Financial Model

This study did not model financials, because costs aren’t necessarily borne by the landowner or land manager.

Integration

Drawdown’s Agro-Ecological Zone model allocates current and projected adoption of solutions to the planet’s forest, grassland, rainfed cropland, and irrigated cropland areas. Peatland protection is allocated on nondegraded forest, grassland, and croplands. Peatland protection is the top priority for all of these lands. Peatland restoration, however, is allocated only on degraded forest. It is the first-priority solution there.

Results

The emissions impact of Scenario 1 is 25.40 gigatons of carbon dioxide equivalent by 2050. The emissions impact of Scenario 2 is 40.27 gigatons of carbon dioxide equivalent by 2050. Financial impacts are not modeled.

Discussion

Benchmarks

IPCC (2014) estimated current annual emissions from degraded peatlands at 1.0 gigatons of carbon dioxide equivalent per year. This will surely increase as degradation continues. Griscom et al. (2017) calculated emissions of 0.45–0.75 gigatons of carbon dioxide equivalent per year in 2030. Our model calculates an emissions reduction of 0.52–0.82 gigatons of carbon dioxide equivalent per year by 2030. This study is within range of the benchmarks, because the degraded area will continue to grow in business-as-usual scenarios and emissions will continue from degraded peatlands for decades or longer, given the immense size of the stocks.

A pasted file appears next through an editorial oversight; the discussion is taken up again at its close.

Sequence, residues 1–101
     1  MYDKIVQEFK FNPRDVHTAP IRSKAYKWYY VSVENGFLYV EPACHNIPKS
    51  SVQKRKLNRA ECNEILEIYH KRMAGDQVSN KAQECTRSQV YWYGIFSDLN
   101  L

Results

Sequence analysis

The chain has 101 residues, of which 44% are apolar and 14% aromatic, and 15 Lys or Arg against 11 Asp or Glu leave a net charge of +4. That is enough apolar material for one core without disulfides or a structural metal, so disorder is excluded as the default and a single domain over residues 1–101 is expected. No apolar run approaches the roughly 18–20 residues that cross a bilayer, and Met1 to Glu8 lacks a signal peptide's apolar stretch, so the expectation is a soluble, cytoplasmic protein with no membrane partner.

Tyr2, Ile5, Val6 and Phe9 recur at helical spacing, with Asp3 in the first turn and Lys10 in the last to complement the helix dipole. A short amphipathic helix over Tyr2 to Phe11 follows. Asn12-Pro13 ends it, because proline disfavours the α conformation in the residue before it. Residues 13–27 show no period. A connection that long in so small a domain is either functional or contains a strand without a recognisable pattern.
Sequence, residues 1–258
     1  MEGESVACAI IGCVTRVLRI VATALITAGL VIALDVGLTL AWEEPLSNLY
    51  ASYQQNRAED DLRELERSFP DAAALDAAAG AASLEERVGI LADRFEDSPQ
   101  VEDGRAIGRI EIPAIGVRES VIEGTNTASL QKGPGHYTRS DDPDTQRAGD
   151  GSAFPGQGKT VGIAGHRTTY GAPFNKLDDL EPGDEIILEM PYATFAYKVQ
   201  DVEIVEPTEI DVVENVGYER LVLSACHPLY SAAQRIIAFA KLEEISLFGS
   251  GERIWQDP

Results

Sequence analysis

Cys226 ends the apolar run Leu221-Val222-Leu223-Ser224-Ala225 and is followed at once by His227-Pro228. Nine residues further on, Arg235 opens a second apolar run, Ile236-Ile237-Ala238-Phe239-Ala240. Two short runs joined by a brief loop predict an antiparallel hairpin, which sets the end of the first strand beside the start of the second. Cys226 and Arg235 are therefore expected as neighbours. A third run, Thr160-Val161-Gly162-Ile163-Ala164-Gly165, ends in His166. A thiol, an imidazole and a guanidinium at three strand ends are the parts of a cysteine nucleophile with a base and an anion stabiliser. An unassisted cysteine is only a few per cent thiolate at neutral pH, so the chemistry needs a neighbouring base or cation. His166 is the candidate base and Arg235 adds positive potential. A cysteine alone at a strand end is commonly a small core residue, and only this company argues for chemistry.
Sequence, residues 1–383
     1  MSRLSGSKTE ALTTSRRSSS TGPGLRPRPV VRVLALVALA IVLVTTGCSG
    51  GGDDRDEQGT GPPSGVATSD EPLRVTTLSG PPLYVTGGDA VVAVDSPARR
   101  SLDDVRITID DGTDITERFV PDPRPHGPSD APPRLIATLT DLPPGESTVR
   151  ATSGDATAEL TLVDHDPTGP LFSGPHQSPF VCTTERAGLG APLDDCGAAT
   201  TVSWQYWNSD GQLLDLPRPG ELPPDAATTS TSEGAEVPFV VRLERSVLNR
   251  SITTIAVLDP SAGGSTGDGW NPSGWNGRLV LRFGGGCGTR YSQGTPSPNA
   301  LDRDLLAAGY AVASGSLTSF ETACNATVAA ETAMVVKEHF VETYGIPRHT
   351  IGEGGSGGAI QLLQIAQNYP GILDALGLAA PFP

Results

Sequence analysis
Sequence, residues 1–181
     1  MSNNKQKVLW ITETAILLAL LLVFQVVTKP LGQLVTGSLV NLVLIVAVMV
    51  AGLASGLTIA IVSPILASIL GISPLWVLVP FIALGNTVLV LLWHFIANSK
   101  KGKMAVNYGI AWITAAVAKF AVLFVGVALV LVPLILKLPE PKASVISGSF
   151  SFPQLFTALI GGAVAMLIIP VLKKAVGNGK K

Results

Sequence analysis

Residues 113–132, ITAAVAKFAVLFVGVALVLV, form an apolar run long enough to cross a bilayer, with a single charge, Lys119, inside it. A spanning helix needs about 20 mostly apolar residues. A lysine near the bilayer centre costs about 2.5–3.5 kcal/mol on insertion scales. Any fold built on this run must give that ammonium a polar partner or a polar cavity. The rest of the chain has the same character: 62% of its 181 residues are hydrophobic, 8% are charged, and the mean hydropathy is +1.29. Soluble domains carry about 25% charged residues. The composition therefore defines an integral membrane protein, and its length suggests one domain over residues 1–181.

Limitations

It would be useful to project peatland restoration as well as protection and to project financials at the government or nongovernmental organization level is also recommended.

Conclusions

The extremely high carbon stocks of peatlands, combined with peatlands’ relatively tiny global extent, indicate that their protection should be an extremely high priority for climate mitigation.

References

Biancalani, R., Avagyan, A., & Food and Agriculture Organization of the United Nations (Eds.). (2014). Towards climate-responsible peatlands management. Rome: Food and Agriculture Organization of the United Nations (FAO).

Griscolm, B. W., Adams, J., Ellis, P. W., Lomax, G., Miteva, D. A., Schlesinger, W. H., Shock, D., Siikamäki, J. V., Smith, P., Woodbury, P., Zganjar, C., Blackman, A., Campari, J., Conant, R. T., Delgado, C., Elias, P., Gopalakrishna, T., Hamsik, M. R., Herrero, M., Kiesecker, J., Landis, E., Laestadius, L., Leavitt, S. M., Minnemeyer, S., Polasky, S., Potapov, P., Putz, F. E., Sanderman, G., Silvius, M., Wollenberg, E., Fargione, J. (2017). Natural Climate Solutions. Proceedings of the National Academy of Sciences, 114(44) 11645-11650. DOI: 10.1073/pnas.1710465114

Intergovernmental Panel on Climate Change (IPCC) (2014). AR5 Synthesis Report: Climate Change 2014. IPCC. Accessed at: https://www.ipcc.ch/report/ar5/syr/

Leifeld, J., Alewell, C., Bader, C., Krüger, J. P., Muller, C. W., Sommer, M., …Szidat, S. (2018). Pyrogenic Carbon Contributes Substantially to Carbon Storage in Intact and Degraded Northern Peatlands. Land Degradation & Development, 29(7), 2082-2091. https://doil.org/10.1002/ldr.2812